Saturday, 30 April 2011

bluebells, wild chervil and may, benjamin and iris, beryl and georgie















Only a short working week but I felt I really needed to get out on the bike this morning.

Saw this lovely patch of bluebells on the verge towards Black Bourton--framed by wild chervil (Cow Parsley) and may blossom. Is it my imagination or are the verges round Bampton richer in wild flowers than they used to be? I remember going to an Arvon writers retreat in deepest Devon at Totleigh Barton not long after we'd moved to Bampton. The Devon verges were stuffed with wild flowers and I thought, Why aren't ours like that?

There's a theory that long-dormant wild flower seeds will come back once the council and the farmers stop spraying insecticides and herbicides so much. Maybe it's true.

Read an interesting article in the Times today about depression by the psychotherapist Benjamin Fry. When he himself suffered depression after a financial crisis, Fry found that not only his own expertise but that of fellow professionals was of no help. I was struck by these lines, 'I tried another expensive psychiatrist, a leader in his field. He thought that I woke up early because in the Stone Age my weakness would have required me to get up before other predators to find easy kills. I began to realise that no one knew anything, yet everyone had an opinion.' [My italics.] That sentence in italics reminded me of the conclusion one reaches at the end of Iris Murdoch's A Fairly Honourable Defeat. When somebody we know goes through a crisis, so many of us--me included--have an opinion but often don't really work hard enough at thinking about what is really appropriate for the person. For Fry, real help was found at the Mellody House clinic in Arizona.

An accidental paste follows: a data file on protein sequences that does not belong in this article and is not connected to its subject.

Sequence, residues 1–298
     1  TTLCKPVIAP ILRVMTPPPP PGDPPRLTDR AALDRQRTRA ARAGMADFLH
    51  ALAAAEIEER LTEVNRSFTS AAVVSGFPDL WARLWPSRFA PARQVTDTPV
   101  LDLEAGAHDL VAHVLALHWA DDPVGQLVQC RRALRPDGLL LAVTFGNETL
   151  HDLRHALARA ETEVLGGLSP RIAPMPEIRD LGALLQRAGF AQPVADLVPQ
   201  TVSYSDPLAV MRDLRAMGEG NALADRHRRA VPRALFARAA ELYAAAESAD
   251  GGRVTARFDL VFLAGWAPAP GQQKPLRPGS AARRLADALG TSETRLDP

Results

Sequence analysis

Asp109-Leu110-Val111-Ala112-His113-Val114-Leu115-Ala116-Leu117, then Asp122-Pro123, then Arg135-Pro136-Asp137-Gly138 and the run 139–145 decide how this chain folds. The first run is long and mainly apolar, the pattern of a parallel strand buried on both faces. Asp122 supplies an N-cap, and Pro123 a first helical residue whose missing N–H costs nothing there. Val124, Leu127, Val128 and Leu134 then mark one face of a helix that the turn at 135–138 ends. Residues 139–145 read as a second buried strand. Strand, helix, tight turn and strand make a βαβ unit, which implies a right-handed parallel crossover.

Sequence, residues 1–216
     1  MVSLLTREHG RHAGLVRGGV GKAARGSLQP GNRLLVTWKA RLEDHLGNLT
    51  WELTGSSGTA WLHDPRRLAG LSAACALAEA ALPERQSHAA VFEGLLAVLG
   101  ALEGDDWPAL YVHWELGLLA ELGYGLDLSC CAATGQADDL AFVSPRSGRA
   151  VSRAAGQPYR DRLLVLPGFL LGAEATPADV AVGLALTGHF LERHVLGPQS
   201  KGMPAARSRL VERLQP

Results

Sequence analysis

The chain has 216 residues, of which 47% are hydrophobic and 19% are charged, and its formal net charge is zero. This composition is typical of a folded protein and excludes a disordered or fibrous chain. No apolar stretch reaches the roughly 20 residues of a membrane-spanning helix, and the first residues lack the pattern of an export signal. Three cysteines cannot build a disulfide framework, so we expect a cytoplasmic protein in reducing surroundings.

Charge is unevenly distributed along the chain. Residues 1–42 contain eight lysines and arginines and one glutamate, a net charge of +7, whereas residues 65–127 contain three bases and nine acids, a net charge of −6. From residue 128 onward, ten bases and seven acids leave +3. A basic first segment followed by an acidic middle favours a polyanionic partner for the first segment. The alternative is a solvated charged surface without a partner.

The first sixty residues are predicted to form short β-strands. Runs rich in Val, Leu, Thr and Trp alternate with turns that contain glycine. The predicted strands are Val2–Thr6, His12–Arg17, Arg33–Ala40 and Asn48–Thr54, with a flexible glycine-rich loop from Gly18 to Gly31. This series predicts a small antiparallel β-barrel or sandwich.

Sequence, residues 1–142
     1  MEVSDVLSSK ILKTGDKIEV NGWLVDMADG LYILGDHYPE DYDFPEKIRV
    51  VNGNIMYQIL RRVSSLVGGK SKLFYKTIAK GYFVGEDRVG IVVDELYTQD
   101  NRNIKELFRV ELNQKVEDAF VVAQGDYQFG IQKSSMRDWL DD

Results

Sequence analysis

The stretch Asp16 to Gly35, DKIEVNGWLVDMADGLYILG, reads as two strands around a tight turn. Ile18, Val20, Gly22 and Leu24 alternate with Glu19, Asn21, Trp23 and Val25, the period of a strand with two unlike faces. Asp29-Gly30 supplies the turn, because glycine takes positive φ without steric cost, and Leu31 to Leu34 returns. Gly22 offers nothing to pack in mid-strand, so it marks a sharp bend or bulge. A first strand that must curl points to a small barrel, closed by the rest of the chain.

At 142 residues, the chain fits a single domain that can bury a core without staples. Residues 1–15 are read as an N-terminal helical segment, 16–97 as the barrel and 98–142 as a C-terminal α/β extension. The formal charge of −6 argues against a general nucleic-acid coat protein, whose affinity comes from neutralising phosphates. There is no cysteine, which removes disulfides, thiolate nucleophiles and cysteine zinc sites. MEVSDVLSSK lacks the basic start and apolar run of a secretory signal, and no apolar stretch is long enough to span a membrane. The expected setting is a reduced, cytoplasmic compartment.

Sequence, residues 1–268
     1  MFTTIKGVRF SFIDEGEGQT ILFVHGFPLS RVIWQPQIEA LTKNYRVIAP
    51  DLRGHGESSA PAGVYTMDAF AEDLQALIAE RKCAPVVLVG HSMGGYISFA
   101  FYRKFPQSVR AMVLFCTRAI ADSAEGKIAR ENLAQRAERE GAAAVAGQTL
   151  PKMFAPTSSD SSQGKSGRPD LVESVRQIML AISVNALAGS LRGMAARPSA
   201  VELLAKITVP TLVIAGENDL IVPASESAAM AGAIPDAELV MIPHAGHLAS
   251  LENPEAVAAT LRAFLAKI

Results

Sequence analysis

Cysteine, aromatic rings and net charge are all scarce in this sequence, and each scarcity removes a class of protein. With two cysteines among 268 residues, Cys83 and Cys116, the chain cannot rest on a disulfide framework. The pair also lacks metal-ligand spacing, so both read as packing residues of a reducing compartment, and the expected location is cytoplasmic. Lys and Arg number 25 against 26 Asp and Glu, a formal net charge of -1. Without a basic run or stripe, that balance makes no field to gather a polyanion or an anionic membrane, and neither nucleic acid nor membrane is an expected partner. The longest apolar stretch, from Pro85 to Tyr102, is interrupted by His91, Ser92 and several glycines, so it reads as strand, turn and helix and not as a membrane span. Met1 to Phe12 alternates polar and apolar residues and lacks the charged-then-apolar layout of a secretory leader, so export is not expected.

Was pleased that Master Georgie won the Best of Beryl Booker. Voted for this title myself. Not just because some of my words used to appear on the back cover (maybe still do) but because it is such a fine novel. (I posted my Evening Standard review of the book to justthoughtsnstuff.com last year, when Dame Beryl Bainbridge died.)

I had to go to work yesterday, so missed the wedding. Did check out the balcony scene later online, though (the best bit?). I was surprised by how little interest there seemed to be in celebrating in Oxford, Witney and Bampton.

2 comments:

  1. Cow Parsley? I have been calling it Queen Anne's Lace. Is it the same thing, or have I been mis-identifying it.

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  2. A lot of people call it Queen Anne's Lace, although I think that QAL used to refer to wild carrot rather than wild chervil--the former having a denser flower head with a tiny magenta spot in the middle. Having said that, meanings change and as so many people call wild chervil QAL, perhaps that is what it is now!

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